Massachusetts bill would move involuntary drug treatment from jails to community

The Suffolk County Jail. (Jesse Costa/WBUR)
The Suffolk County Jail. (Jesse Costa/WBUR)

Addiction specialists and lawmakers testified Monday on a Massachusetts bill that would end many cases of involuntary drug treatment in jail.

Massachusetts is the only state where people civilly committed to drug treatment — through a process called Section 35 — often get that treatment in jail.

The state ended the practice for women in 2016, but not for men.

State Representative Ruth Balser is co-sponsoring legislation that would move involuntary treatment to community-based centers, unless someone is charged with a crime.

"People who have been civilly committed, who have not committed any crime, they're suffering from an illness," Balser said. "I don't think they should be sent to jail no matter how much we spruce up the jail. It's still a jail."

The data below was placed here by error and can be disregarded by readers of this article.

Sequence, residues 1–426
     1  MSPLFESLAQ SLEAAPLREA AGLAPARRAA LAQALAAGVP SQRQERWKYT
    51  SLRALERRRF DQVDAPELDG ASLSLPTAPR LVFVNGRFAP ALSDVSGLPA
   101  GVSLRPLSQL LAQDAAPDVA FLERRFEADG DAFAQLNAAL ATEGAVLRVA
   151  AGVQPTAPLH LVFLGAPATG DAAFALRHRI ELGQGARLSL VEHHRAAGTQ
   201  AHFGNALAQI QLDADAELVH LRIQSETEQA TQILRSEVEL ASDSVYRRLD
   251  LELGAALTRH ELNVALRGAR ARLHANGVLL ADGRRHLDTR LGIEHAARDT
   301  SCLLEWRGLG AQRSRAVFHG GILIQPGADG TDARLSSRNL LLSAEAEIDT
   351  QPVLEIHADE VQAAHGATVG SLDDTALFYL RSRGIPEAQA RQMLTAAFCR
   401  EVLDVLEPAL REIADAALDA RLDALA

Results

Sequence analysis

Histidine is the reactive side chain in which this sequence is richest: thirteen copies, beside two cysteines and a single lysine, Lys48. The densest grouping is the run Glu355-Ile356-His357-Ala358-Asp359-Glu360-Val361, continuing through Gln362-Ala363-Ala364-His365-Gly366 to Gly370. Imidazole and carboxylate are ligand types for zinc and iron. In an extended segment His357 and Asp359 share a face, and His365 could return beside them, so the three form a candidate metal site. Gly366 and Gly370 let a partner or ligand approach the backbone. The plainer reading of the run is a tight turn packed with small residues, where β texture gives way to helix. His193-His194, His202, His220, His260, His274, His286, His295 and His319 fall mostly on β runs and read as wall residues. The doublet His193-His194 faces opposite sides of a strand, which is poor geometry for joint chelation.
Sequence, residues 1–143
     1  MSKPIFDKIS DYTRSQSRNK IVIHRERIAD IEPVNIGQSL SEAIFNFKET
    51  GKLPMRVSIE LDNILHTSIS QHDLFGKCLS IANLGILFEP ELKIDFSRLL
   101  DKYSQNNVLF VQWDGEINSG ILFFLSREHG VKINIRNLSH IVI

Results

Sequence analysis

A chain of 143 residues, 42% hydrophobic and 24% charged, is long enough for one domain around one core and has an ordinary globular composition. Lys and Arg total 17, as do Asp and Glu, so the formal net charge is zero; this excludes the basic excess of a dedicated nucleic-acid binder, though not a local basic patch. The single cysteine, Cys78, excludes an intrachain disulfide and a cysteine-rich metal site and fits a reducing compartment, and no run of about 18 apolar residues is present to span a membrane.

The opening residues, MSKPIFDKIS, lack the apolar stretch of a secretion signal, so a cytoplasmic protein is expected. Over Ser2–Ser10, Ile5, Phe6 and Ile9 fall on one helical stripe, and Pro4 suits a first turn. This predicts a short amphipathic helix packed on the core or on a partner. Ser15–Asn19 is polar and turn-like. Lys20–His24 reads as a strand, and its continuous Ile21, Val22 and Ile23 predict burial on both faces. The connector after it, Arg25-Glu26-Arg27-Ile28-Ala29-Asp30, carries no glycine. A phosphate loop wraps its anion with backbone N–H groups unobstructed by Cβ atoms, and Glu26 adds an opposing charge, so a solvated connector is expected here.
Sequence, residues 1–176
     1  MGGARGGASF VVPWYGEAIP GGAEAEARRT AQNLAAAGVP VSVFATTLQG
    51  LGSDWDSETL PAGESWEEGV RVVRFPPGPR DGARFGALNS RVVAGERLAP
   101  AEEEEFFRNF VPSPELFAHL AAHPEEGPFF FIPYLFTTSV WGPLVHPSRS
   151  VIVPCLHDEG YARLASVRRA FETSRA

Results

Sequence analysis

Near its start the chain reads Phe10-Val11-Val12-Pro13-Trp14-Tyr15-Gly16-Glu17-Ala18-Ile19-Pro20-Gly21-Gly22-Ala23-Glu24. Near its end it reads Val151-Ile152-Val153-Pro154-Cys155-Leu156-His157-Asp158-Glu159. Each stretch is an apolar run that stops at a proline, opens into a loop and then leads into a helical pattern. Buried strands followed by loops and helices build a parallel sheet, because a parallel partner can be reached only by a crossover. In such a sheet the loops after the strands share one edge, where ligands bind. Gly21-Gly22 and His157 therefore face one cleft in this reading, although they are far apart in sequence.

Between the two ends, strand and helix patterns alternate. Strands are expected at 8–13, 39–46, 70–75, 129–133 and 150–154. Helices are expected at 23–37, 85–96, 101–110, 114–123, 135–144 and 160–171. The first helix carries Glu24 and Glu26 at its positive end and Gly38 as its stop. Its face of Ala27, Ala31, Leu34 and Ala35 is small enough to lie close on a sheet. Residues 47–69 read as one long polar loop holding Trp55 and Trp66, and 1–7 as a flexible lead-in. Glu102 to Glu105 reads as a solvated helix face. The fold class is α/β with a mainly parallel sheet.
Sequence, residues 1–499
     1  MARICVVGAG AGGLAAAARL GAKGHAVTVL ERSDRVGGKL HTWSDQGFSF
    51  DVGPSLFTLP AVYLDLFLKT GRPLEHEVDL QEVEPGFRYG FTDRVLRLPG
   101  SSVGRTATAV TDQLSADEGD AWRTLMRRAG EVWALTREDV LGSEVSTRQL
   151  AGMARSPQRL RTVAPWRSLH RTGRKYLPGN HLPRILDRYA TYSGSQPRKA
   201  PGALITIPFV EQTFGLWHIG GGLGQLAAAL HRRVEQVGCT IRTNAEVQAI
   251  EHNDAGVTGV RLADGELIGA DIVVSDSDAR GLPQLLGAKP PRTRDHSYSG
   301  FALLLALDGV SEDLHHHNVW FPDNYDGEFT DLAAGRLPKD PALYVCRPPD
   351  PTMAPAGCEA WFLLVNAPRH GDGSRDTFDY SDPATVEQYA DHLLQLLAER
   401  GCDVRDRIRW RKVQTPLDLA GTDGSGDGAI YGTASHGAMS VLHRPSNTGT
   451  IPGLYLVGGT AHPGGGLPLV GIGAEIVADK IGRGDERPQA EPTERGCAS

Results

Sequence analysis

Addiction specialists and civil rights advocates testified that locking someone up for drug treatment can be stigmatizing and traumatic.

Others, including the Suffolk County sheriff, said treatment in jail can be effective and, given the need, better than nothing. The Hampden County Correctional Facility has received praise for its on-site drug treatment program.

But supporters of the bill said there would be more regular treatment centers if jails were no longer the default location, and if the governor's office invested in them.

This story is a production of New England News Collaborative. It was originally published by New England Public Media on Nov. 8, 2021.



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